As a side note, I make my own bread with a bread machine, and I save hundreds of dollars a year on bread and pizza dough alone, far more than we spend on plumbers ! So, for me, this is not something I would want to outsource!
I’m sure your bread is so much more delicious, too, since it’s fresh and free of preservatives. Mmm.
For sure having a child changes everything! We don’t have that excuse. :-) But I think your point is still a good one that it’s hard to decide what to outsource in any circumstances, and we have to make a call about what’s worth it to us and what’s not. I’ve now reached the point where not doing these repairs is causing stress, which I think is the tipping point. Time to pay people to make the problems go away! :-)
I’m all for frugality, but I agree with your sentiment about being practical. Being a homeowner who isn’t handy in the least, I have a list of people/companies that I outsource to on a regular basis.
As long as you are meeting your financial goals, you shouldn’t feel bad about spending money to outsource. That’s one of the benefits of money — having the option to pay someone else if you need/want to. Don’t feel defeated by doing so!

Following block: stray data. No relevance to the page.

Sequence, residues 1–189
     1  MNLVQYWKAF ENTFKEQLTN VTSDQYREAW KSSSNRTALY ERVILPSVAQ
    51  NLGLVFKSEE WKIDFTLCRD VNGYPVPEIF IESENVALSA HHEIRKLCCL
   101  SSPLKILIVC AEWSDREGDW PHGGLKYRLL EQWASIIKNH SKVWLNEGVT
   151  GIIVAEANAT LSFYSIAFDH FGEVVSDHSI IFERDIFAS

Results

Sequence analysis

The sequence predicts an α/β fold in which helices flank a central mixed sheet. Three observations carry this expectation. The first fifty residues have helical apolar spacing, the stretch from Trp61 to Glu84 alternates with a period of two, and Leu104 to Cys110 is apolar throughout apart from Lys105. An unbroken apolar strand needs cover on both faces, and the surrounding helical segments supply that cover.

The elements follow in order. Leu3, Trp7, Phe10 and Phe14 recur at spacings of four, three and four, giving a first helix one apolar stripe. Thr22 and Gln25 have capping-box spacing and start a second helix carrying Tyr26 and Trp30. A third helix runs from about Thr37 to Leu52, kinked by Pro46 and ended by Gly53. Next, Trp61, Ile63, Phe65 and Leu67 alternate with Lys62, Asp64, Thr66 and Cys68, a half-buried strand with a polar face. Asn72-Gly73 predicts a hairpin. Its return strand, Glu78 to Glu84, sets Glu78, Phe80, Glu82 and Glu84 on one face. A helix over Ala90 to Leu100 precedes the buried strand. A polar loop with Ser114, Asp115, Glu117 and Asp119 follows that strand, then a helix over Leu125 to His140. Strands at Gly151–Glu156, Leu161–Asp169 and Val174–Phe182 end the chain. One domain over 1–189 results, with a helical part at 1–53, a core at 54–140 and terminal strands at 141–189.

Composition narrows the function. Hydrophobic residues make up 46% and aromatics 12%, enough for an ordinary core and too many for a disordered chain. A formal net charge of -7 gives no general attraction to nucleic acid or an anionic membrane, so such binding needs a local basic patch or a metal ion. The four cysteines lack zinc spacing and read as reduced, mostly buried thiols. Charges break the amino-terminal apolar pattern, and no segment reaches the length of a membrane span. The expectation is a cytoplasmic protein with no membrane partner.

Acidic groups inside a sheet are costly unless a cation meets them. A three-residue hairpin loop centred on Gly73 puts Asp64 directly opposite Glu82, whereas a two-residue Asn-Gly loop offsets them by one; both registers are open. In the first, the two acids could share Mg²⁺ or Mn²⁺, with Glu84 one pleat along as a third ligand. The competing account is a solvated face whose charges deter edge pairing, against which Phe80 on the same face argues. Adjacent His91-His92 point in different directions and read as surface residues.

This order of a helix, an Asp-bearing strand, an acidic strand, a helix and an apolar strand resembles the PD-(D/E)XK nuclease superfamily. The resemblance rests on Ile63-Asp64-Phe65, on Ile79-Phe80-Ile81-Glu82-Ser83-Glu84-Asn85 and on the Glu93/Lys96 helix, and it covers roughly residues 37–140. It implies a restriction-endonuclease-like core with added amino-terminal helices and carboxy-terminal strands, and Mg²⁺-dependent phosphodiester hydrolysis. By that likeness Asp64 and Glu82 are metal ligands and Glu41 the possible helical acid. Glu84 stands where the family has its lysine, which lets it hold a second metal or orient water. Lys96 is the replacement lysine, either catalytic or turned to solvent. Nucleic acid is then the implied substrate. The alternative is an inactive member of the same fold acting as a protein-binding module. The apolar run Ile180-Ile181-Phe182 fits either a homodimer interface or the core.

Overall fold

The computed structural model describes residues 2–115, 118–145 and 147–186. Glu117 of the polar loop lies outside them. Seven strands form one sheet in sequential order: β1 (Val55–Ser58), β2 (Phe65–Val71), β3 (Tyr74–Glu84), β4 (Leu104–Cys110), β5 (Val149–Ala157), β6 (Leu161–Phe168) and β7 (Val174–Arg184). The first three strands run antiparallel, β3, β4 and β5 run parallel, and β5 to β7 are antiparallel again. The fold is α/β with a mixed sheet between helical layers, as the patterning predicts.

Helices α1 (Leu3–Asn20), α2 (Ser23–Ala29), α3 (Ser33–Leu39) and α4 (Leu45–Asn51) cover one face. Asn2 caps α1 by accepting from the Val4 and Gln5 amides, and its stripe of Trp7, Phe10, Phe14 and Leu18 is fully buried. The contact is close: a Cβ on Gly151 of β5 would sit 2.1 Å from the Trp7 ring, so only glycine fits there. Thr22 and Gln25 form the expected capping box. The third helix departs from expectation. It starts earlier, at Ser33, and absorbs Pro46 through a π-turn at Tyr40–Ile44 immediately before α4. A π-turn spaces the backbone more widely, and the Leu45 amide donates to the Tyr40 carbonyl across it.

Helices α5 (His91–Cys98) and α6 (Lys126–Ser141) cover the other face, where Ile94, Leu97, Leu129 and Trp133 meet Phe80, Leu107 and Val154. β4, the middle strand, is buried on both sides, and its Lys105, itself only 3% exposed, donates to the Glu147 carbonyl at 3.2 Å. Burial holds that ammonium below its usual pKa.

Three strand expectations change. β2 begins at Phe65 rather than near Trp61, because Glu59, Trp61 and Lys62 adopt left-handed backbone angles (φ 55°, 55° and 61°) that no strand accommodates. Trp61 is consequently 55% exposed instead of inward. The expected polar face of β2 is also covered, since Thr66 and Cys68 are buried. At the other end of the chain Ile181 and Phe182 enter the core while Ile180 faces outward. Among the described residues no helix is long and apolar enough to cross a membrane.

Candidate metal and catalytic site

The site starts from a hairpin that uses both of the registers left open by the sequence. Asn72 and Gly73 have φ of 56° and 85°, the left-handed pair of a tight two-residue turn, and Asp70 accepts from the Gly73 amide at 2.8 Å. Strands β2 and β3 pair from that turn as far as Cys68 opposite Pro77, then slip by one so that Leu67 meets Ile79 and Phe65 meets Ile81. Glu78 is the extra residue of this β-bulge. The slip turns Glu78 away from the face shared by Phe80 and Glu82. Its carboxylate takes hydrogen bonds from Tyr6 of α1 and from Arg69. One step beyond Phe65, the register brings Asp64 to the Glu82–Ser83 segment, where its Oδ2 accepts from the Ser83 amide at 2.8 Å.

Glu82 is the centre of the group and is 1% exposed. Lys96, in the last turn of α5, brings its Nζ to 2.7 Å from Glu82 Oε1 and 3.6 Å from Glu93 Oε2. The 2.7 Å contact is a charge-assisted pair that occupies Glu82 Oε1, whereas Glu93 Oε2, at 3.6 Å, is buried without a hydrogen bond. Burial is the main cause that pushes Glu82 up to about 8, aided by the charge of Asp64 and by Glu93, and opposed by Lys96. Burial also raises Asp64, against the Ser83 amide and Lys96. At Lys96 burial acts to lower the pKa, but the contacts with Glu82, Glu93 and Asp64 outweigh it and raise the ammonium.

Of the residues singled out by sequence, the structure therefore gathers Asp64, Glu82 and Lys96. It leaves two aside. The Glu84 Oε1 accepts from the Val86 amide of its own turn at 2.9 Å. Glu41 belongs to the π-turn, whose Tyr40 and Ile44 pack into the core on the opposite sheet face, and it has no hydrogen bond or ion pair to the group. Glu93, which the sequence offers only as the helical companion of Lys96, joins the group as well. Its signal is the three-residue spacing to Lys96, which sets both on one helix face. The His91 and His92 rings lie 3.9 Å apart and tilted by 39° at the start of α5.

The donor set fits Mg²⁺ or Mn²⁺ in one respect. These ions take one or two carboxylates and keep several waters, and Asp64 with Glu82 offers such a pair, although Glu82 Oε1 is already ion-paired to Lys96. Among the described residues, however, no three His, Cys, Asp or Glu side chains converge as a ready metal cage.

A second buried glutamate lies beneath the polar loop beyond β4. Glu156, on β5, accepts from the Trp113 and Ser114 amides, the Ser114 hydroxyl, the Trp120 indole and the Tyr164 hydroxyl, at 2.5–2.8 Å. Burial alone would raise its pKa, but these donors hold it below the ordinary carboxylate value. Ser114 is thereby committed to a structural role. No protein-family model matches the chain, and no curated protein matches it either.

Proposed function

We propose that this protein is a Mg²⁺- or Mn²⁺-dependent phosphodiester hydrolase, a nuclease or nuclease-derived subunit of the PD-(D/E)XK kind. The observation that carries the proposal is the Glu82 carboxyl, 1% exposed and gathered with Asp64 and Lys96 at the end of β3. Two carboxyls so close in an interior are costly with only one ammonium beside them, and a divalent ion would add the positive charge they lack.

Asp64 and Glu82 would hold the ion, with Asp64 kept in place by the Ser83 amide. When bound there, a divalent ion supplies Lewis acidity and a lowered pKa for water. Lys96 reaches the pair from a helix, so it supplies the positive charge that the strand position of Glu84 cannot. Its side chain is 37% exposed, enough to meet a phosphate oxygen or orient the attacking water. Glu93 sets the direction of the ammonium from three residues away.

Thanks for the pep talk. I need that. :-) Part of it is that we ARE excited to handle all of this ourselves in the future. But, we’re not at the future yet, and the lack of time now makes a difference. Time to make the call to the pros! ;-)
I often feel like I should be more frugal and DIY but I know my skillset. I am just not handy. Sure, YouTube has made it easier and sometimes I can figure things out but most likely I’m try, fail, get frustrated, waste a lot of time and still end up having to pay a pro. Sometimes I think it just makes sense to have a pro doing something you can’t do or which will take you too much time. Nothing wrong with that.
I’m a big fan of “know thyself,” but I also believe that most of the “not handy” belief is just mindset. Maybe one day you can take on some projects that will help you build up your DIY confidence. :-) But in the meantime, no shame in hiring that stuff out! :-)
I think about this all the time. Spending any of my meager salary hurts me soul, but there just isn’t always the time or ability to DIY things myself. Someone broke my passenger seat car window out of the blue a few weeks ago- can I fix that myself? No. It was a random and frustrating outsourcing expense, but a necessary one.
Money is a tool, and sometimes the best use of that tool is spending it.
I think it’s awesome that you have this point of view, Kara, given that your funds are in shorter supply than ours. I think this is another privilege moment — it’s definitely NOT a financial hardship for us to pay people to take care of this stuff, so our dithering about it is truly a first world problem. Okay, sold. I’ll call the plumber. :-)
This sounds like leaving frugal behind and talking to cheap?!?
When something in the house is broken that can do serious other damage, a fix is needed urgent. Even when it costs money. We do not hesitate to call the expert to come and fix broken things that are essential to the well being of our house.
For DIY, I know I have not the skills, not the time to learn and not the tools. By postponing it, I might make it worse.